The more we pretend it will, the more we delude ourselves.

i) Federal funding cuts

We are told that all this, is a stop gap measure, that we will buy time for our continued bus services. The reality is that it will not.

Here is some number crunching.

First, is the Federal budget. King County metro gets $70 million a year from the federal transportation budget to WA state. Under the austerity debates going on in DC, the Republicans are putting forth a plan to cut federal spending on transportation by 20%. These cuts are estimated to cost half a million jobs as well. This will affect King County metro by causing it to likely lose $20 million in funding for the 2011 budget, which would effectively cut 6% of Metro services and also likely cause the layoffs of many drivers. Where would this money come from?

We are told consistently that the car tab fees will plug the financial hole, but it will not. They are lying to us. Why else would Seattle city council push for car tabs to go up to $60/year? We can guarantee that the $60 car tab proposal will only increase in quantity over the next few years. We need only to look at the way tuition for education has hiked up over the past year to get a sense of what is going to happen in transportation costs.

Furthermore, Gregoire recently announced that state budget is getting cut by the a further 10%, or $1.7 billion, in addition to the recent $4 billion cuts. We can be sure funding to Metro will be affected.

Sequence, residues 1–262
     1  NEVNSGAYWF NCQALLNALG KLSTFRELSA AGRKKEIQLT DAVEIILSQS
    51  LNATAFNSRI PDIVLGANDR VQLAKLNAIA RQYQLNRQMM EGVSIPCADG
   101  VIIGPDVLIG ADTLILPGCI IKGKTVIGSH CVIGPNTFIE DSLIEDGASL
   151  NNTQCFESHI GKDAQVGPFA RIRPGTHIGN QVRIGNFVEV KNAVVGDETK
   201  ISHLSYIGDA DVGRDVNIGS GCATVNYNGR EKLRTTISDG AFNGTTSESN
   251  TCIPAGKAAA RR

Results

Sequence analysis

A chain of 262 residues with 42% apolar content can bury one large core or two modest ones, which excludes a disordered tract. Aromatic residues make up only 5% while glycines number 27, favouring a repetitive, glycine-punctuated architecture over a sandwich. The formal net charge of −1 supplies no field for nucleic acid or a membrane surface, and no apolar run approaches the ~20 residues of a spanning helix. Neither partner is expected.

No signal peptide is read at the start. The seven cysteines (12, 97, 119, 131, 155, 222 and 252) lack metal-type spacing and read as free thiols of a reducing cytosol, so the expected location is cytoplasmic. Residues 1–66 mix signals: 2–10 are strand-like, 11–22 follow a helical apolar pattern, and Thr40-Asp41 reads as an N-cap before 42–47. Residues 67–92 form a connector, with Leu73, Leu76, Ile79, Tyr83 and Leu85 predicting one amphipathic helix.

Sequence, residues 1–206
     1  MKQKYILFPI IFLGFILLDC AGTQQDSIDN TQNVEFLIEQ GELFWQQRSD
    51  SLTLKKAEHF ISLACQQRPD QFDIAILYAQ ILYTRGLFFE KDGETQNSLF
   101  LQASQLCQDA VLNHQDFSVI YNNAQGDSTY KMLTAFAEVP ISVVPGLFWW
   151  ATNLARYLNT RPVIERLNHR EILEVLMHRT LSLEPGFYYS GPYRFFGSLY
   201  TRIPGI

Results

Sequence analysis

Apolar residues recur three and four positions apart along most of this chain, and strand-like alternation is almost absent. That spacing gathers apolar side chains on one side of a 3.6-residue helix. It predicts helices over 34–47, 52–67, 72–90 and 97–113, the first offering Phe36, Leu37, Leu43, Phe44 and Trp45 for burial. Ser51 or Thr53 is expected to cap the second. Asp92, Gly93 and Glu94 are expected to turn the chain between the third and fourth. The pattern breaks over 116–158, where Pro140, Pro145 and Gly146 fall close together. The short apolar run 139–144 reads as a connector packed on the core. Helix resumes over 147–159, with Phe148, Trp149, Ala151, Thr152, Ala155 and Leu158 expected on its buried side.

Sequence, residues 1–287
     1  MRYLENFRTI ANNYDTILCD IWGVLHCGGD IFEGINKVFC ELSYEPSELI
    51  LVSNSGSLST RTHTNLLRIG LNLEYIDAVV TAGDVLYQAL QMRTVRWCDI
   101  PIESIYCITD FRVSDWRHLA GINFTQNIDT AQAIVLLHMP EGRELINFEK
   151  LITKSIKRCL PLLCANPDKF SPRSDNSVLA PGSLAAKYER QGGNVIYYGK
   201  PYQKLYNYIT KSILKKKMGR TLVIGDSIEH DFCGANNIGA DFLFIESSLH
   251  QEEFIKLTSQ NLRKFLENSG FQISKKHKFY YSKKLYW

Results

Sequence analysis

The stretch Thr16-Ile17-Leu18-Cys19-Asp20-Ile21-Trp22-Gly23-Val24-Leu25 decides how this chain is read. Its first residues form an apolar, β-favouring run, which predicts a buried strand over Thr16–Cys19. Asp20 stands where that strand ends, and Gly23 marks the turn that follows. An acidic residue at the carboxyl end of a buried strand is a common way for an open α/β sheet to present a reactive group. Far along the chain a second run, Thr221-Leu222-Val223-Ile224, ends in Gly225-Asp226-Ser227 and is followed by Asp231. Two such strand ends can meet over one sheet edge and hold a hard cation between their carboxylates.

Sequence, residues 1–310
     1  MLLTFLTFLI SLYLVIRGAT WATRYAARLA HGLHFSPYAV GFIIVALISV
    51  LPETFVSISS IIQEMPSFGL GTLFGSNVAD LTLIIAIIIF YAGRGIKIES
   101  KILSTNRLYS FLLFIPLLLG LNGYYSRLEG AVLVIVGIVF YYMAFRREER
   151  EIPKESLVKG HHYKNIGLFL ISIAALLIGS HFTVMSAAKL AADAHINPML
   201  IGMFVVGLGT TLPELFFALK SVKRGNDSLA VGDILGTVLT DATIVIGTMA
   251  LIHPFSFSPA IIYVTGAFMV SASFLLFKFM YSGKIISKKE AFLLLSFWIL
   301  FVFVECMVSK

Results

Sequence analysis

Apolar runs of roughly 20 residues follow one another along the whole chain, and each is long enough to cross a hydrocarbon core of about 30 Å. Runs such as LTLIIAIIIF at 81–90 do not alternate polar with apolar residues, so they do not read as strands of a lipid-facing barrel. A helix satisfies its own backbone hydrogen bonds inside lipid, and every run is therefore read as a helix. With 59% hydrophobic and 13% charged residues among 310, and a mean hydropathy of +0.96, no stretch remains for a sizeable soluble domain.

If we don’t begin to think of an alternative for how to run Metro, then the de facto plan is that people like us, working/poor, will be expected to pay for the deficits through increased fare hikes and car tabs. Having to choose between what is realistically a wage cut, or cuts to essential transportation service, is not much of a choice. We need a shift in our paradigm.

ii) From stimulus to austerity: Impact on King County

The transit problem we face here is a microcosm of what else is going on in the country and the world economy. We cannot shield ourselves from it, nor find easy answers in car tab fees.

This is all part of a larger shift going on in the national and international political and economic situation.  In 2010, the US federal government responded to the economic crisis with the $700 billion stimulus plan.

The stimulus plan plugged state and local governments’ budget cuts. The working class still paid for those cuts but federal funding also contributed. Eg: UW tuition hikes 2 years ago would have been more if there wasn’t stimulus money coming from the Federal Government.

Recent debates in Washington over debt ceiling shows that

a) Stimulus spending era is over, Austerity era is kicking in big time no pretenses and

b) shows how vulnerable the rest of the US is with regard to the credit ratings of the US government

– When credit ratings agencies downgraded US government ratings, King County and UW in particular were impacted because the region relies a lot of federal spending (such as Medicare, Medicaid and other federal funding for renowned hospital systems and research)

– One of the ways that decreased credit ratings of King County and UW would affect local economy is through high interest rates; all this would be further put on working class.